Top critical review
A decent historical fiction read.
Reviewed in the United States 🇺🇸 on July 18, 2012
As a lover of historical fiction AND chick lit, I knew this would be the book for me. Throw in some serious romance and you've got a hit.
Emma is introduced to us as a selfish ballerina without a care in the world but herself. How she evolves throughout the book is amazing. Her volunteer work within the community in rural Australia is inspiring.
Beattie leaves her hometown with no family to call her own after being disowned by her family when they find out she is pregnant, and unwed. The pain and suffering she endures throughout the book would be enough to knock anyone down for the count, but she gets up each timer, stronger than the time before.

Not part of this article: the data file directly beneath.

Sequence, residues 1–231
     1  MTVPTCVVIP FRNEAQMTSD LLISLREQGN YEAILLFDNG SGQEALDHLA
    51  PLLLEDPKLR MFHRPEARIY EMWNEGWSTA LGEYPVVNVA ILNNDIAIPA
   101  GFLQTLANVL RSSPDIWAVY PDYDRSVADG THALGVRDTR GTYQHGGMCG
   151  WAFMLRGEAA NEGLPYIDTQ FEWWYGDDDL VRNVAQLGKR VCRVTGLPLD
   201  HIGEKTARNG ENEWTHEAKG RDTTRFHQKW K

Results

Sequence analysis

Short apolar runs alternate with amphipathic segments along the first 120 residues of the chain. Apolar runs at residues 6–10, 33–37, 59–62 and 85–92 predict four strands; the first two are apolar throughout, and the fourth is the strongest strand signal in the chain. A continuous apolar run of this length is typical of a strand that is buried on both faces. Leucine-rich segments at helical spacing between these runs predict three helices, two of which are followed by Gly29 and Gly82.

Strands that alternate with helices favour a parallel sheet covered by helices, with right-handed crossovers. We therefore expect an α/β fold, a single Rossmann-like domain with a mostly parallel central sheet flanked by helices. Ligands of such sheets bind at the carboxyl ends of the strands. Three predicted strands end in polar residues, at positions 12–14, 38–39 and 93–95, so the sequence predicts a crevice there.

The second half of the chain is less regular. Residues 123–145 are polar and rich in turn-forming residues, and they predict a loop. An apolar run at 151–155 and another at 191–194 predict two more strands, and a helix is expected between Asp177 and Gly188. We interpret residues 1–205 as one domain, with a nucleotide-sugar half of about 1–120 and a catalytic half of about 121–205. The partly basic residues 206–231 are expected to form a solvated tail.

I loved reading about the house on Wildflower Hill. Maybe it's just because I am an old house junkie, but the history contained within the walls of the house is amazing.
The way that Beattie kept a reminder of her true love all those years with the painting of the gum tree was incredibly heartwarming.
I was more into Beattie's story than Emma's. Emma's lacked something, although I'm not sure what it was.
I wish there was more time spent talking about restoring the house.
The Wrap Up:
This was a really good historical fiction novel. Would I call it wonderful? Probably not. But, it was a quick and entertaining read that actually taught me things about Australia and their native people.
"There are two types of women in the world, Beattie, those who do things and those who have things done to them."